Forza Italian Football is pleased to continue to bring its readers a regular feature — Il Mister.
Our experts will endeavour to show you all the methods and tactical secrets employed by Serie A’s best football coaches.
Set pieces are a crucial part of the modern game. Some teams can score as many as half their goals from dead-ball positions; therefore it makes sense that top clubs have routines they practice on the training ground, in order to maximise their chances of being successful during a match.
The humble throw-in, itself a set piece, is not usually something many fans would consider is practiced on the training ground. However, Sarri does have a routine that is effective in exploiting the flanks and getting a cross into the box.
The image here on the left, shows a switch of position by the two players in red, allowing the player who starts furthest from the goal to get a cross in. Note how his teammate is expected to put a block on his blue marker to allow his run to go unhindered.
Our second throw-in routine again relies on a swap of position by two red players to make space. The nearest red player to the thrower comes very short, as if to receive the ball, and takes his marker with him.
The gap he leaves is then filled by his teammate who does receive the throw. He then plays a quick one-touch pass to the thrower, who has made a run to the by-line, ready to send over a cross.
The kick-off is a very important set piece that certainly needs practice. Effectively, your team is already half way up the field, in possession and with the chance to make passes unopposed. It means that any well prepared coach will have a routine in place.
In the image we can see how Sarri’s carefully executed move can give his players various options in getting a ball into the opponent’s box. Player number four is the key, as his pass will set the pattern for his teammates’ runs.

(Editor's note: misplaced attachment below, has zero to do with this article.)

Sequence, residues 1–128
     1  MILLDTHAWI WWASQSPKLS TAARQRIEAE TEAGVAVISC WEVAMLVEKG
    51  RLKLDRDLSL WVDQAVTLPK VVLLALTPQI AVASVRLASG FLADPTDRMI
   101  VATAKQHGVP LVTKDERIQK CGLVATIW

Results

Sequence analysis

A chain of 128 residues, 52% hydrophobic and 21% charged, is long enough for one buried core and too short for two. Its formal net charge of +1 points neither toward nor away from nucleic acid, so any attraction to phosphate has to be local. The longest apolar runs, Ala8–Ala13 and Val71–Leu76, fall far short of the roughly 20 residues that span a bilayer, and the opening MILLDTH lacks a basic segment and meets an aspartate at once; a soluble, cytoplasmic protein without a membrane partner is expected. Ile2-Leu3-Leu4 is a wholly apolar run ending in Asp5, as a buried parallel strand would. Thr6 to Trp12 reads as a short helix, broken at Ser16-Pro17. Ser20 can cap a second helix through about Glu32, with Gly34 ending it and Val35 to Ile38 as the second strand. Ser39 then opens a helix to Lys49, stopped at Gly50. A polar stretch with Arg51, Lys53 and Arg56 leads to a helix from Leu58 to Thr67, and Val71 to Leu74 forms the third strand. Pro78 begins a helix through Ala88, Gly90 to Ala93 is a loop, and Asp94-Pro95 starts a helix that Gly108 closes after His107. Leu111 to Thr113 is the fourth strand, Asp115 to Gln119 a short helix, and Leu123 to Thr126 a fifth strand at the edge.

Corners have always been a great source of goals and every serious football team will have a wealth of options when attacking corners. Sarri is no different.
Our first example sees a block of central players hoping to leave the area around the far post free for an attacker to exploit. The cross is swung out with some clever movement in the centre, allowing the player on the edge of the box to run towards the back of the six-yard area, hopefully unmarked.
Our second example places four players on opposite edges of the six-yard box, leaving free space around the penalty spot. As the ball is sent in — aimed at the penalty spot — the two attackers placed outside the area cross each other in the hope that the confusion will allow an unguarded run to meet the ball and head towards goal.
The players on the edge of the six-yard box are ready to help deflect the ball or react to any clearances.
Every fan loves to watch a direct free kick curled into the top-corner; but in-direct kicks also need to be expertly prepared so their impact can be maximised, hopefully into goals.
Sarri likes to create space in the box by splitting his attacking options, forcing his opponent into leaving gaps in the area.
Our image shows two blocks of three players, placed on opposite sides of the “D”. The block nearest the ball will make arced runs towards the near post, leaving the furthest three players to attack the middle of the penalty area, in the hope of meeting the ball and heading at goal.
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